Transport in plants

  • 0_1550145564367_IMG_20190214_172911.jpg
    Is the given information correct?

    According to the modern theory of opening of stomata, potassium malate has a big role to play. There is no involvement of glycolate anywhere. Please explain.

  • administrators


    Theory of Glycolate Metabolism:
    Zelitch (1963) proposed that production of glycolic acid in the guard cells is an important factor in stomatal opening. Glycolate is produced under low concentration of CO2. He suggested that glycolate gives rise to carbohydrate, thus raising the osmotic pressure and also that it could participate in the production of ATP. Which might provide energy required for the opening of stomata.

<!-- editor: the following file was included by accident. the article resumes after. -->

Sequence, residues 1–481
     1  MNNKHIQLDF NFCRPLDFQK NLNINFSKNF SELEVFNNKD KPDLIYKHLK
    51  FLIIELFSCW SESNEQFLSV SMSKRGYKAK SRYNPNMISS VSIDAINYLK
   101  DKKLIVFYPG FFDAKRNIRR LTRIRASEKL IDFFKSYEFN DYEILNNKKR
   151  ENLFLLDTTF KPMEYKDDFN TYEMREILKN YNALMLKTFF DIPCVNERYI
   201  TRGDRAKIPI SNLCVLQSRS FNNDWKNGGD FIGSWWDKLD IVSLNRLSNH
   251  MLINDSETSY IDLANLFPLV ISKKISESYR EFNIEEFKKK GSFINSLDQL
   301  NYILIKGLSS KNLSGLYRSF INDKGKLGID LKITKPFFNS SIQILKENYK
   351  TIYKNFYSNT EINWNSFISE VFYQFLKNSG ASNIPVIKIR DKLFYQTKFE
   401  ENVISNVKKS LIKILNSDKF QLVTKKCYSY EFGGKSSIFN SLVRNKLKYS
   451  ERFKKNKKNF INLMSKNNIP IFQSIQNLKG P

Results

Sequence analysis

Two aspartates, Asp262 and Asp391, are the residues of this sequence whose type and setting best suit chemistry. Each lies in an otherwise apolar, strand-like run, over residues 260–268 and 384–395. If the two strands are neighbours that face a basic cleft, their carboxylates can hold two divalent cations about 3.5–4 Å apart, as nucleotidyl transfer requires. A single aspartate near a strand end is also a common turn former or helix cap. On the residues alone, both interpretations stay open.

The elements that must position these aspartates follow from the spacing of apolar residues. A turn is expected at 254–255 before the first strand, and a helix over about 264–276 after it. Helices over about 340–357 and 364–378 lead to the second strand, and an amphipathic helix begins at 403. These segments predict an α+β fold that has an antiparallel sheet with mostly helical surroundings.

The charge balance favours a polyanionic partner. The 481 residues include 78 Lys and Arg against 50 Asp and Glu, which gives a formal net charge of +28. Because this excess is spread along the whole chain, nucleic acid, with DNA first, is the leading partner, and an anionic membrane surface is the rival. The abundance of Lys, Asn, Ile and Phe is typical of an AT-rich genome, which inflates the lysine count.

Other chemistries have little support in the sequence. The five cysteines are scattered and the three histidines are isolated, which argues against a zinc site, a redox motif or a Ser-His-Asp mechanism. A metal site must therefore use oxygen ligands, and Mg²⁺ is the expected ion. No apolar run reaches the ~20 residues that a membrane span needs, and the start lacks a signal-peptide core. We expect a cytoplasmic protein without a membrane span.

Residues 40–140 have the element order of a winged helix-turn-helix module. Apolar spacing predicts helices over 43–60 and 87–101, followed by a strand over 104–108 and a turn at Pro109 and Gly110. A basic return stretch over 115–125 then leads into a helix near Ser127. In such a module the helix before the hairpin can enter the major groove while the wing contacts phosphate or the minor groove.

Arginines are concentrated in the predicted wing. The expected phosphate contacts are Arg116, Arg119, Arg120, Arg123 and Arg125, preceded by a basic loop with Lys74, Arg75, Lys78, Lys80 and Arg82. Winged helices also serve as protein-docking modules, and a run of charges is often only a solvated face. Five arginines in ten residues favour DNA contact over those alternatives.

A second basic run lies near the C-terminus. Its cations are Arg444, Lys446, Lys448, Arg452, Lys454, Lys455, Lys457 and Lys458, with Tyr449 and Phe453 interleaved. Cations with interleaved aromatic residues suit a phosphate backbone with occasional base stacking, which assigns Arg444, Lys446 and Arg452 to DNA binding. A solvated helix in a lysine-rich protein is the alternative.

1. It fails to explain the opening of slomata in dark (e.g., – in succulent plants).

    2. In some plants slomata have been found to remain closed even during daytime.

    3. It fails to explain the effect of blue light on stomatal opening.

    Malate anions + K+ →Potassium malate:

    Potassium malate enters the cell sap of the guard cells thereby reducing the water potential while increasing the osmotic concentration (and the O.P.) of the cell sap. Hence, endosmosis occurs, guard cells become turgid and kidney-shaped and the stomata opens.

    Role of K+, Cl- and Malate in Increasing Osmotic Concentration

    It is also observed that the CO2 concentration is low in and around guard ceils during day time. This is due to high photosynthetic utilization of CO2. It helps in opening of stomata.

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